I am trying to train a neural network with a tensor of 1040 float inputs and have a singular float output. No matter what I do the predicted value comes out as 0
I think the problem I am having is with teaching the network. My Net class is as below. The interneuron_count is 64.

class Net(nn.Module):
def __init__(self):
super().__init__()
self.fc1 = nn.Linear(1040, interneuron_count) # Fully connected layer1 with 1040 inputs
self.fc2 = nn.Linear(interneuron_count, interneuron_count)
self.fc3 = nn.Linear(interneuron_count, 1) # final fully connected layer with one output
def forward(self, x):
x = F.relu(self.fc1(x))
x = F.relu(self.fc2(x))
x = self.fc3(x)
return F.log_softmax(x, dim=0)

This is the code segment on how I train my neural network:

for epoch in range(EPOCHS):
for i in tqdm(range(0, (len(train_inputs)), BATCH_SIZE)):
batch_X = train_inputs[i:i+BATCH_SIZE]
batch_Y = train_outputs[i:i+BATCH_SIZE]
net.zero_grad()
outputs = net(batch_X)
loss = loss_function(outputs, batch_Y)
loss.backward()
if epoch > learning_rate_cutoff: # this acts as a decaying learning rate for our system
learning_rate = 0.0001
optimizer.step()

When I test the NN using print(net(test_inputs[0])) I get tensor([0.], grad_fn=<LogSoftmaxBackward>)

instead of a value of around 1.25901

Any help with this would be greatly appreciated! Thank you

Your problem is that you are passing a length-one vector to softmax(). softmax() returns a vector of probabilities that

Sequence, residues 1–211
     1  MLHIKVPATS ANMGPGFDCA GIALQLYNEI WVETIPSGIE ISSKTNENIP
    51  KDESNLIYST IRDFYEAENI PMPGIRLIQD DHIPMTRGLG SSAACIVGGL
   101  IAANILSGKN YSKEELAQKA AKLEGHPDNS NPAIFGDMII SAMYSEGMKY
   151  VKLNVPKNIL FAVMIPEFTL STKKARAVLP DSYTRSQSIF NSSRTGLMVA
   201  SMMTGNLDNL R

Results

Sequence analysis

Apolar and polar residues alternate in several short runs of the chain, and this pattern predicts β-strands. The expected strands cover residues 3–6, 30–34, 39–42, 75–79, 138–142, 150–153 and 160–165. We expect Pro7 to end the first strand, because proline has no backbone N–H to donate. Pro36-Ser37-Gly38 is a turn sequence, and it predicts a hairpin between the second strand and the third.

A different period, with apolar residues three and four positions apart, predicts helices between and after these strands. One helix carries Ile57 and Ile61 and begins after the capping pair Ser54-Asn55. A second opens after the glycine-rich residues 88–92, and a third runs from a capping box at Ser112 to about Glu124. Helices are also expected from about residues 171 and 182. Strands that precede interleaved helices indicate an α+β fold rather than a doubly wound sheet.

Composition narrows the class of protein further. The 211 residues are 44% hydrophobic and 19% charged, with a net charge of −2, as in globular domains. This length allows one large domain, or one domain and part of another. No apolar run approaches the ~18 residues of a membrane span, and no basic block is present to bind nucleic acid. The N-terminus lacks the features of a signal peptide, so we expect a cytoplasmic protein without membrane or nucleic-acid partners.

sum to one. Since there is only one probability in the sum, it
will always be 1.0. log (1.0) = 0.0, so, analogously, log_softmax() will always return 0.0.

If this network is for a binary classification problem, and your
single output is supposed to indicate whether your input is in
class-â€ś0â€ť or c;ass-â€ś1â€ť, then you should have

return F.sigmoid (x)

and use BCELoss for your loss function (or just return x without
the sigmoid(), and use BCEWithLogitsLoss).

As an aside, in return F.log_softmax(x, dim=0), dim = 0 is
the batch dimension. Iâ€™m guessing in the example you gave that
your batch size in 1. If it did make sense to use log_softmax()
(which it doesnâ€™t, but would, for example, if your last layer were Linear(interneuron_count, 10)) you would want something like log_softmax(x, dim = 1) or log_softmax(x, dim = -1).

To add to KFrankâ€™s post, this deals with the fundamental difference between sigmoid and softmax. A more detailed comparison can be found here on StackExchange; specifically with regards to neural networks, this post on StackExchange is also helpful.

If x is a FloatTensor, it will return a FloatTensor. In general, it
will return a tensor of the type passed in (if the type is supported).

Mathematically, sigmoid() will â€śsaturateâ€ť and become exactly 1
when x becomes inf (and become 0 when x is -inf).

For floats, sigmoid() becomes exactly 1.0 somewhere around x = 17.0.

Check the values of x going into sigmoid().

How large are your inputs? Do you only get 1s out even on your
first pass before you start training?

By default, your Linear layers are constructed with â€śsensibleâ€ť
random values for their weights. If your inputs are of order 1,
then before you start training (that is, before the initial values of
the weights have changed) the x going into sigmoid() should
have sensible values, and you shouldnâ€™t be getting all exactly 1s.

If the output of your network starts out not being all 1s, but then
becomes all 1s after training for a while, then your training is
pushing your network to return all 1s (which may or may not
make sense, depending on what you are training your network
to do).

What are typical batch_Y (target) values? And what do they
mean? What are you trying to train your network to do?